New York Yankees Spending to Win Sooner Rather Than Later

Joe GiglioContributor INovember 25, 2013

DETROIT, MI - OCTOBER 16:  New York Yankees general manager Brian Cashman looks on during batting practice against the Detroit Tigers during game three of the American League Championship Series at Comerica Park on October 16, 2012 in Detroit, Michigan.  (Photo by Leon Halip/Getty Images)
Leon Halip/Getty Images

For the New York Yankees, there is no tomorrow. 

As the offseason unfolds, the organization has one goal in mind, above all else: Compete for a World Series in 2014. 

Yes, the self-imposed $189 million payroll mandate is a goal, but not one that will severely impact business on the open market. That was proven when Brian McCann agreed to a five-year, $85 million contract Saturday evening. 

After watching the Boston Red Sox capture a World Series just one year after a 93-loss disaster in 2012, the Yankees are rightfully attempting to rebound from their own disappointing campaign. Although 85 wins is hardly a disaster, a third-place finish in the AL East represented just the second non-playoff season in general manager Brian Cashman's reign.

One year after their last season without October baseball in 2008, the Yankees spent in the offseason en route to 103 victories, an American League pennant and a World Series title in 2009.

According to Jon Heyman of CBS Sports, a similar plan is in place now to the one that brought CC Sabathia, Mark Teixeira and A.J. Burnett to the Bronx in the aftermath of the '08 season.

Per Heyman, free-agent stars like Carlos Beltran, Stephen Drew, Jacoby Ellsbury, Shin-Soo Choo, Hiroki Kuroda, Joe Nathan and Masahiro Tanaka, along with their own homegrown star, Robinson Cano, are all on the Yankees radar. 

In the aftermath of signing Brian McCann, if Cashman can add three or more of those names while staying below the $189 million luxury tax mark in 2014, he might wrap up Executive of the Year honors before pitchers and catchers report for spring training.

Of course, if those players—including New York's top target, Carlos Beltran, according to Mark Feinsand of the New York Daily News—decline over the next few seasons, the team will suffer in the long term. 

By engaging in talks with free agents in the prime or winter of their respective careers, the Yankees are prioritizing 2014 and 2015 over 2016 and beyond.

Outside of Tanaka, the prize of the international pitching market, the stars on New York's radar are on the wrong side of 30. That doesn't mean they can't be productive over the length of any contract. But banking on dominant play from aging stars isn't a sound baseball philosophy.

Yet when assessing the team-building philosophy in the Bronx, comparisons to the rest of baseball are fruitless. 

The business model in New York can't be compared to any team in any other city. In fact, it can't even be compared to the penny-pinching New York Mets in Queens. From the cost of tickets, to fan expectations, to the value of the YES Network, to the impending expiration dates of aging stars like Derek Jeter and Ichiro Suzuki, the process of imagining the Yankees in 2016, let alone beyond that, is nearly impossible.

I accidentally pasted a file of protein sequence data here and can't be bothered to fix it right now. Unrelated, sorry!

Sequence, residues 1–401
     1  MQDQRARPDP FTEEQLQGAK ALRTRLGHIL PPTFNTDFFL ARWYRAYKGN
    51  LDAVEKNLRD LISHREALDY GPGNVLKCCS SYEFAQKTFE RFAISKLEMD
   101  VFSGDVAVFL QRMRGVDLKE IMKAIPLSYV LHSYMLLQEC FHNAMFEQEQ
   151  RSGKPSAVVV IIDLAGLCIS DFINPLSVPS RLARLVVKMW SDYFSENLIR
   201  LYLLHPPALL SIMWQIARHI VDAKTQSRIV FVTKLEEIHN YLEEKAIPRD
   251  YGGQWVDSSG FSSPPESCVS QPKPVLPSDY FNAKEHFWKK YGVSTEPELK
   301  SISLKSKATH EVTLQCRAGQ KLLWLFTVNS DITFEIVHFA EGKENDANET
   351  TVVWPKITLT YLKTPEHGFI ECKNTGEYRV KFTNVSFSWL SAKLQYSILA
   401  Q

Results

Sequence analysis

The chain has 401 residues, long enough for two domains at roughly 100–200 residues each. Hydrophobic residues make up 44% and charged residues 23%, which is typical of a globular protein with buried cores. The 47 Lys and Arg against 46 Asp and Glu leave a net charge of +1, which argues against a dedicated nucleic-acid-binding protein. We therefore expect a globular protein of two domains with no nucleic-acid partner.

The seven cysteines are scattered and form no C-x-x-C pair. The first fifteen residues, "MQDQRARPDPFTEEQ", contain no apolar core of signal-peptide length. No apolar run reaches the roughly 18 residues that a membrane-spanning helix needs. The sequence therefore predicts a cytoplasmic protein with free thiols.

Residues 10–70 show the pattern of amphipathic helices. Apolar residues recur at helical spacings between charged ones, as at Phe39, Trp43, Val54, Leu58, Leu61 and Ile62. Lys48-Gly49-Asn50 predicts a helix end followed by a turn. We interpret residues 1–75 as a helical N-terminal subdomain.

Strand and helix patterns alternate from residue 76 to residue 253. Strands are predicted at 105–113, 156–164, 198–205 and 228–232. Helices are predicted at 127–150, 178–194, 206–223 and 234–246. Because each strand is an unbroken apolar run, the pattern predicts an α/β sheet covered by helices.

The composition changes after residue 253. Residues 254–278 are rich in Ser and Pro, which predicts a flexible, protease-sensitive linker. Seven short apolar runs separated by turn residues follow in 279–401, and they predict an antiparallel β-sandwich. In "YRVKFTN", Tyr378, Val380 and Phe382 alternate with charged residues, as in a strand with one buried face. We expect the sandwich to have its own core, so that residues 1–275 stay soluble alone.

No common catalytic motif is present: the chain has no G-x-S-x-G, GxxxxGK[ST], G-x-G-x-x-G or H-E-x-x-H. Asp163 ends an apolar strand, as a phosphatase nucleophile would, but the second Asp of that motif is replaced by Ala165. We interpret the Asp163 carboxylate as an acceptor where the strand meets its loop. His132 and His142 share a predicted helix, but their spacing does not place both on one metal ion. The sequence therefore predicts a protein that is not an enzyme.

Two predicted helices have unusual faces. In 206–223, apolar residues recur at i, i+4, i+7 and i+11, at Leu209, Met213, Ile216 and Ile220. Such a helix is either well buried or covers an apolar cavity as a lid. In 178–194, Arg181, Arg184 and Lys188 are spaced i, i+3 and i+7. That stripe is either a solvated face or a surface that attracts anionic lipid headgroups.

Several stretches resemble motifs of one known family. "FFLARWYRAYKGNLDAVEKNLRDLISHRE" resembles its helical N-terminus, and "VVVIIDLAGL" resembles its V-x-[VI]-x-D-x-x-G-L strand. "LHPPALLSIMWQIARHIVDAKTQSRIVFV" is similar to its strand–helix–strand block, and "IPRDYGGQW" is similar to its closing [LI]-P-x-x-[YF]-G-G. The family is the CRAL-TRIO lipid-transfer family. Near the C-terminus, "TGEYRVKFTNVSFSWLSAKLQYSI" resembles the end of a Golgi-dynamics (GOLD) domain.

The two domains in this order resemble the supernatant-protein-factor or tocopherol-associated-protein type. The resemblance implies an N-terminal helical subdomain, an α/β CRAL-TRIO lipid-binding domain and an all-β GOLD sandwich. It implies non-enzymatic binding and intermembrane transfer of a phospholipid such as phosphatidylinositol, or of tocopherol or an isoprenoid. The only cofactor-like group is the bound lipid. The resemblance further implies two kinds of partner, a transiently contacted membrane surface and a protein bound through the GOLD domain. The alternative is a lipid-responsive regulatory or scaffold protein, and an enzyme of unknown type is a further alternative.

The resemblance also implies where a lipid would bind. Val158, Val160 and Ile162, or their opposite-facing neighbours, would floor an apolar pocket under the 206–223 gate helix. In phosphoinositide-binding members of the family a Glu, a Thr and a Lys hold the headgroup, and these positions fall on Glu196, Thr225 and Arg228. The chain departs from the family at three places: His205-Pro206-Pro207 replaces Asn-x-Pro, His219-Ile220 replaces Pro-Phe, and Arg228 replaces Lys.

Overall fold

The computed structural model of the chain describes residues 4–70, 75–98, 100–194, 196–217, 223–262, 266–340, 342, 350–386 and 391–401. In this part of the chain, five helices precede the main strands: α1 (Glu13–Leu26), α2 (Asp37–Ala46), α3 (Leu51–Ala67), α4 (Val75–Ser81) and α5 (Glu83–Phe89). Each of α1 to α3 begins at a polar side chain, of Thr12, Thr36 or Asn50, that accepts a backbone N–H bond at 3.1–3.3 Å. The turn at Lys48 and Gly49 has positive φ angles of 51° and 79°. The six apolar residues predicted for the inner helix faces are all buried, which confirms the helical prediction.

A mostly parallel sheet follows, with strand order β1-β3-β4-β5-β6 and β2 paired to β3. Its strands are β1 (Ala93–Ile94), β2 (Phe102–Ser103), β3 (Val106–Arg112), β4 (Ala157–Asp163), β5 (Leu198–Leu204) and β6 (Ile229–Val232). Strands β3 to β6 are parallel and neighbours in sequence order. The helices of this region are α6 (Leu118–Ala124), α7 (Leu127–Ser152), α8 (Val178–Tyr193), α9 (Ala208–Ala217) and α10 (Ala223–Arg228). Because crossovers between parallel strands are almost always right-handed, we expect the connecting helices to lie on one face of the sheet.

Until the farm system can produce homegrown contributors, as it nearly did with Phil Hughes and Joba Chamberlain, long-term plans are hard to make in the Bronx. That's why Cashman and the front office are constantly juggling big contracts, veteran castoffs and marginal upgrades.  

Even though it might have behooved the Yankees to sell at the trade deadline this past summer, they were buyers, acquiring Alfonso Soriano in hopes of making a miraculous run at the postseason. Until the team couldn't overcome a talent deficiency and an inordinate amount of injuries in September, it nearly worked. 

In essence, the organizational model must feed the beast of money and expectations. Behind the scenes, Cashman wants to retool, not rebuild. If Michael Pineda, Gary Sanchez, Mark Montgomery and Mason Williams can become long-term building blocks over the next few seasons, they'll be given every opportunity to join a winning club in the Bronx.

However, unlike franchises with lesser expectations, both internal and external, the Yankees can't wait for tomorrow. 

By signing McCann and exploring options around seemingly every marquee free agent on the market, the Yankees are signaling to the baseball world that 2014 still matters more than anything else. In theory, it's not a plan engineered for long-term success. But in practice, the franchise has made the postseason in 17 of the last 19 seasons.  

Every high-profile contract comes with risks and consequences. For the Yankees, they are no stranger to the bill due at the end of a significant expenditure.  

After profiling as one of the best free-agent pitcher signings in baseball history from 2009-2012 (905 IP, 3.34 SO/BB, 21.8 WAR, 135 ERA+), Sabathia had an awful 2013 (85 ERA+). With three years and $76 million (including a $5 million buyout in 2017) left on a guaranteed deal, the Yankees could pay dearly for the rewards reaped upon Sabathia's arrival.

Similar sentiments can be reflected on Alex Rodriguez (2005, 2007 AL MVP) and Teixeira (2009 AL MVP runner-up). The return on investments, while not financially sound, appeased the masses and helped bring major winning to the Bronx.

Over the next few months, multiple press conferences may take place at Yankee Stadium to introduce big names, bigger contracts and gigantic expectations in 2014. When detailing the pros and cons of each big-ticket item, remember the business model in the Bronx before judging the supply and demand of baseball's market. 

Will the Yankees spending lead to a World Series in 2014?

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